a completely irrational reason for liking a movie

I’m a sucker for films that use live recordings of pop songs on their soundtracks. If you’re willing to admit, through applause, cheering, and a singer’s off-the-cuff remarks that the whole idea of adding pop songs, or indeed any music, to a scene is inherently artificial, then I feel like you’re operating on a more honest level. Somehow a little acknowledgement of the artificiality of the process has the potential to inoculate the audience against the sudden, jarring disbelief that too much technique and formal play can induce.

And so when Hancock opened with the crowd-pumping monologue of what sounds like a classic funk or soul singer (oddly, I couldn’t find a complete listing of the soundtrack online), I was charmed rather than put off by what followed: a transparent jerk-with-a-heart-of-gold plot applied to the superhero genre. Will Smith, nasty but not too nasty as the titular alcoholic superman, is at this point probably a given quantity for audiences — as with Jack Nicholson, you pretty much know what you’re getting. But he nails the exasperated, self-important patience of a slovenly and half-assed crimefighter, and it’s fun to watch the reactions of an ungrateful public during the first half of this film. When Hancock rips through the city recklessly doing good, it’s quite clear, he often wrecks as much as he saves, and the citizens of director Peter Berg’s golden, shiny L.A. aren’t shy with their criticism. There’s plenty here for a convention-tweaking, but ultimately conventional, super-powered light comedy. Which is really all I was expecting.

So when Hancock saves an idealistic, unsuccessful PR man (Jason Bateman) from a train and is invited home for dinner, it’s pretty obvious where this buddy thread is going. But what are those meaningful looks from the PR man’s wife (Charlize Theron)? Theron goes full-bore on the simmering subtext, and Berg helps her out by shooting these scenes like an aggrieved indie drama, all long-lens closeups of brooding and confused faces, with Bateman ably playing the straight man as he obliviously explains spaghetti night.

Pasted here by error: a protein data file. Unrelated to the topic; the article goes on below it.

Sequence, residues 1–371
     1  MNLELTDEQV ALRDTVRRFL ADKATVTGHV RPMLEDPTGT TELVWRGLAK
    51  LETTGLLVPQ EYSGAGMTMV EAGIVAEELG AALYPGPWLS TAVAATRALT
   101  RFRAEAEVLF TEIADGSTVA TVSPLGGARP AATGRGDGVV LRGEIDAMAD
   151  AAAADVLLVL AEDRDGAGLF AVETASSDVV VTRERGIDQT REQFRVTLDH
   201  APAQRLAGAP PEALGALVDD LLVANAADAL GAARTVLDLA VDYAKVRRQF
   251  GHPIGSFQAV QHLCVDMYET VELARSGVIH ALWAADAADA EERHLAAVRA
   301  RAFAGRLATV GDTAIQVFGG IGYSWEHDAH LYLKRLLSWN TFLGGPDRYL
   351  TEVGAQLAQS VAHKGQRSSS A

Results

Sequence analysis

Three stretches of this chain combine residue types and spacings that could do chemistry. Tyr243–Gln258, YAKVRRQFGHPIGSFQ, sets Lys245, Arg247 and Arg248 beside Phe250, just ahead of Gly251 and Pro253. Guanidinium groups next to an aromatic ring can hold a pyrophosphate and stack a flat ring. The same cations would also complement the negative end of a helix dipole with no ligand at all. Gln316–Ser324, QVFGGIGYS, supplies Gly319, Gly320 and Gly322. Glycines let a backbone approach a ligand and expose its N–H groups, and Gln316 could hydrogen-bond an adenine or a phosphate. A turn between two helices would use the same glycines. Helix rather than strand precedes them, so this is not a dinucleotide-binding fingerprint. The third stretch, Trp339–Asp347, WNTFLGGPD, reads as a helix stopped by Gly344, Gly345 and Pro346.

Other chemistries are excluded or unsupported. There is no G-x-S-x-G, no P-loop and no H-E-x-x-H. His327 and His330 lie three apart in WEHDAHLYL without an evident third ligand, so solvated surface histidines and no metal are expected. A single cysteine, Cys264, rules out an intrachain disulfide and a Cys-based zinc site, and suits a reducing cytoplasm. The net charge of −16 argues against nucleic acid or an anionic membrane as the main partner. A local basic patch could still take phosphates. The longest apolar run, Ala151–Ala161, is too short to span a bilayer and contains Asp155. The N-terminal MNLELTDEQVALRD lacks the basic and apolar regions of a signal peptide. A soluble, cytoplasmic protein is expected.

Well, hold that thought, because just as the scruffy-hero-shapes-up thread is running out of steam, and we’re expecting to soon be checking our watches during a noisy but boring tear-’em-up climax, the film slips smoothly into another mode. Or maybe not so smoothly. This second half has been hammered by both the mainstream press (“The jaunty, jokey riff on the screwed-up inner emotional life of a… superhero becomes… the icky lesson in the importance of personal responsibility, loyalty, and continued family togetherness.” — Lisa Schwarzbaum, Entertainment Weekly) and the alternative (“Telegraphing surprises, however, isn’t as disastrous as the surprises themselves, which are so nonsensical that they sabotage any potential inquiry into the burdensome responsibility of, and sacrifice required by, heroism.” — Nick Schager, Slant), but I’m forced to agree with Roger Ebert, who calls the revelations of the second half “odd and penetrating.” And I hate agreeing with Roger Ebert.

But I like agreeing with my friend Chris Dahlen (of Pitchfork, Paste, and The Onion A.V. Club), who recently wrote a defense of Pixar’s underappreciated Cars. That film, he noted, has some fairly conventional points to make, but:

It’s a given that in the big race at the end of the flick, the way McQueen races will be more important than whether or not he wins. And it’s a given that McQueen will “do the right thing.” But I didn’t really see the ending coming…. I admired the fact that McQueen did the right thing. But it was also a significant choice. It would’ve been easy for him to wrap up the race and then go back and check on the King, and still come off as a pretty good guy. He didn’t make a choice between a bad act and a good one; he left a good outcome for a noble one.

And similarly, I like the end of this movie for its clear moral stakes and its straightforward presentation of three people doing the hard, right thing. I’m okay with that lesson — it didn’t feel “icky” to me. I don’t want to spoil the surprises, but I’ll say the following:

-I like that Hancock’s super-origin is only partially and vaguely explained. There are no flashbacks and only cursory exposition. Good. I don’t need it, and the more precisely you spell these things out, the lamer they usually are.

-There are a million wrong ways to have your non-super save your super at the climax of the film. This film doesn’t take one of them.

-There aren’t really any villains. Being super, in this world, is destructive enough. People trying to do right by each other often end up making things worse — a nice complicating factor that’s treated humorously in the first half (Hancock’s inadvertent devastation of property) but that’s made an explicit part of the franchise’s magical lore in the second half.

I’ve avoided Peter Berg’s films like the clap since sitting through the aptly-named Very Bad Things, and there are still some weak moments here (some macho posturing in the opening sequence and an unaccountable obssession with heads up asses — literally), but along with writers Vincent Ngo and Vince Gilligan he seems willing to let implication and undercurrent do a lot of the work here — which may be why so many fans and critics are complaining about the largely unexplained climax. If you don’t know what’s going on or what the moral tensions are, you haven’t been paying attention, and they’re not going out of their way to explain it to you. Fine with me.

Also, just as the opening bit of sonic deconstruction charmed me, I was pleased to hear The Roots’ “Here I Come” over the credits. Not the first movie to use this song — and Superbad made it ironic and funny rather than playing it straight — but still, it’s one of my favorite badass songs, and I’m glad it’s getting so much mainstream play.

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